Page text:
Exquisite Gorge 2: The Witness

STORY AND PHOTOGRAPHS BY FRIDERIKE HEUER HOW DO YOU TELL A STORY that is not necessarily your own? How do you draw a landscape that did not always belong to you? How do you document reality without appropriating someone else’s history? These

"Dreamer," by George Rodriguez, greets visitors at the Hallie Ford Museum of Art as they enter the chamber featuring the sculpture series "Sanctuary" (2017, stoneware with glass, courtesy of the artist and the Foster/White Gallery in Seattle). Photo by: David Bates

Stretching from cultural borders to the state’s borders

We have another gallery show in Newberg this week, but before that, please indulge a brief diversion as we drop in on Salem. My ArtsWatch colleagues may write more about this later, but for now you should know that the Hallie Ford

Sing Portland!

Music Notes: transitions & triumphs

Oregon’s leading classical music public radio station All Classical Portland has launched a brand-new second radio network, for children. The International Children’s Arts Network (ICAN) is a 24-hour radio service and, the station announcement says, is the first of its kind in

The unkindness of strangers

The funk and sweat and desperate seediness of New Orleans are so thick in the air above James Canfield’s new dance Sketches of Connotation that you can almost smell them rising from the stage of Lincoln Performance Hall. It’s an intoxicating aroma.

Finding a voice for black media

Something’s happening. And you’d better know what it is. On Friday, June 14, Open Signal Labs is giving six black filmmakers a chance to showcase their work and let the Portland media world know they’re here, they’re thriving, and they’re ready to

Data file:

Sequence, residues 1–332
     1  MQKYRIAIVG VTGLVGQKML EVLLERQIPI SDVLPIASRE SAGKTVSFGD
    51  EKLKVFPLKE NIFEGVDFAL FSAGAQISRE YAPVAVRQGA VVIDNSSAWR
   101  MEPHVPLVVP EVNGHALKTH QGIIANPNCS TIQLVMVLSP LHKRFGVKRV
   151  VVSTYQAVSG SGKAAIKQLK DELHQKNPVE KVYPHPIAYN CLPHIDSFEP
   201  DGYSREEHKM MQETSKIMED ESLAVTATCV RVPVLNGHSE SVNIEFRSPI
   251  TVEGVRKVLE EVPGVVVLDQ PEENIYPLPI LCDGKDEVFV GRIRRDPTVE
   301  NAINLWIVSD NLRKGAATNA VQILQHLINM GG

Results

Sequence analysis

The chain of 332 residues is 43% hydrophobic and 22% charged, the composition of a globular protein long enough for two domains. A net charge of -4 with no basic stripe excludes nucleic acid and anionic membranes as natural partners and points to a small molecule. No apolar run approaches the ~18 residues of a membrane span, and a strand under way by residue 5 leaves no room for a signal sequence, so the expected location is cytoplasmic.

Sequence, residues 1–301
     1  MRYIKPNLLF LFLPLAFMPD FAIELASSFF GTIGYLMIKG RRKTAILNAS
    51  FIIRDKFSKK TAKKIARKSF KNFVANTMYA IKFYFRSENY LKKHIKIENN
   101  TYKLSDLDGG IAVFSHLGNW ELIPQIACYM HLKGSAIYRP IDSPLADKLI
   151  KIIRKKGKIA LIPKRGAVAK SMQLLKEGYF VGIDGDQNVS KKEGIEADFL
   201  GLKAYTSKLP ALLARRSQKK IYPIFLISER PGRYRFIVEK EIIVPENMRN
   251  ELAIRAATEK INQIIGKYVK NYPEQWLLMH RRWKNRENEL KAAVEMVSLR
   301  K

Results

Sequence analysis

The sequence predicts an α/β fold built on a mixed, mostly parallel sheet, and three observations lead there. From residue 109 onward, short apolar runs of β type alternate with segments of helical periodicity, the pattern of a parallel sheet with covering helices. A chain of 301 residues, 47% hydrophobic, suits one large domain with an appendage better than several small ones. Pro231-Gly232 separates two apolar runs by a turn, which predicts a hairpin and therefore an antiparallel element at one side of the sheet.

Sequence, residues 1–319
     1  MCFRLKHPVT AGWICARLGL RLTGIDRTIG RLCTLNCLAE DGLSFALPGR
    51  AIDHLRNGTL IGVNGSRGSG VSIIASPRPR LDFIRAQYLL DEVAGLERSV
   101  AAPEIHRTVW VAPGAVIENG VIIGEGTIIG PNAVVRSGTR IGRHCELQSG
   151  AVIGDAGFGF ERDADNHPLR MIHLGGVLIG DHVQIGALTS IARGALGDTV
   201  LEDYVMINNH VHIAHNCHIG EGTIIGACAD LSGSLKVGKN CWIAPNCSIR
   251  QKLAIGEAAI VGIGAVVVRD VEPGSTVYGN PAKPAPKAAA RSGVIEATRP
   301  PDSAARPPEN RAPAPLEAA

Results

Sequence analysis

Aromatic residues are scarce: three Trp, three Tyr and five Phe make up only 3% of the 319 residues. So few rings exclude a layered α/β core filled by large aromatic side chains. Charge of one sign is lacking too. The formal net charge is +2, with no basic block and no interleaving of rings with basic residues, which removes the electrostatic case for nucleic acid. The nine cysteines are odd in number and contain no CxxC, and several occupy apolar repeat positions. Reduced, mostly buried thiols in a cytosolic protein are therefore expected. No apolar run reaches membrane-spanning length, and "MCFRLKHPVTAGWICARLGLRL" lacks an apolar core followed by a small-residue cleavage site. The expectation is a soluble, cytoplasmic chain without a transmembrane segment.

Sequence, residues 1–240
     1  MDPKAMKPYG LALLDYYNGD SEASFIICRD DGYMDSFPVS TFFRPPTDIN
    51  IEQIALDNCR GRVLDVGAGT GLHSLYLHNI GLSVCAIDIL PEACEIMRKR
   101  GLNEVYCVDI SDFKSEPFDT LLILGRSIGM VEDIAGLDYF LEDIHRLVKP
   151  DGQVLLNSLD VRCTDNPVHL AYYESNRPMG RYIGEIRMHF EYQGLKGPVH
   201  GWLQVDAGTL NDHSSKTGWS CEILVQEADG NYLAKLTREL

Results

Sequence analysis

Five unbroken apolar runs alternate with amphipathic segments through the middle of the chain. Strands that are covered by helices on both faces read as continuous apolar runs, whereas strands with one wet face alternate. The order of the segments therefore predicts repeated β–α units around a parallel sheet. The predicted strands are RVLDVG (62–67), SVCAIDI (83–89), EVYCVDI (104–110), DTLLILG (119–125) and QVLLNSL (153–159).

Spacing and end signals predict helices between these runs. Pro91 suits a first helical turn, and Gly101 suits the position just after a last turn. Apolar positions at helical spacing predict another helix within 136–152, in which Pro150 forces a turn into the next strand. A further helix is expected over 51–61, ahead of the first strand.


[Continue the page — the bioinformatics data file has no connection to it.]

Exquisite Gorge 1: Getting started

STORY AND PHOTOGRAPHS BY FRIDERIKE HEUER I have on previous occasions written on this or that aspect of Maryhill Museum of Art in Washington, which I like to visit as often as I can. An eclectic collection of paintings, fashion, artifacts of some Eastern

Among classes at Sitka Center for the Arts is an August workshop on the “Art of the Letter. " Besides creating illustrated envelopes, the class will explore how letter-writing can survive in the digital age.

School’s out, but art classes are in on the Coast

School’s out, but here on the Coast, classes are just beginning, and they’re not just for kids. The Cannon Beach Arts Association has opened registration for its 17th Annual Art Camp, July 8-12. Five-day classes for the younger set include yoga (ages

“River” by Rachel Wolf (chromogenic chemigram - archival digital print)

The alchemy of photography, sans camera

Our lives are saturated with photographic images — pictures taken by tens of millions of people daily on phone cameras, photos that are then Facebooked, Instagrammed, and Tweeted into the world, where our eyeballs are bombarded with this digital hail. Those who

All-American at the ballet

“Dance like you’re real people,” Trey McIntyre told the original cast members of his Robust American Love when he made it on Oregon Ballet Theatre for the 2013-14 season.  McIntyre’s take on the real people, particularly the women, who settled the American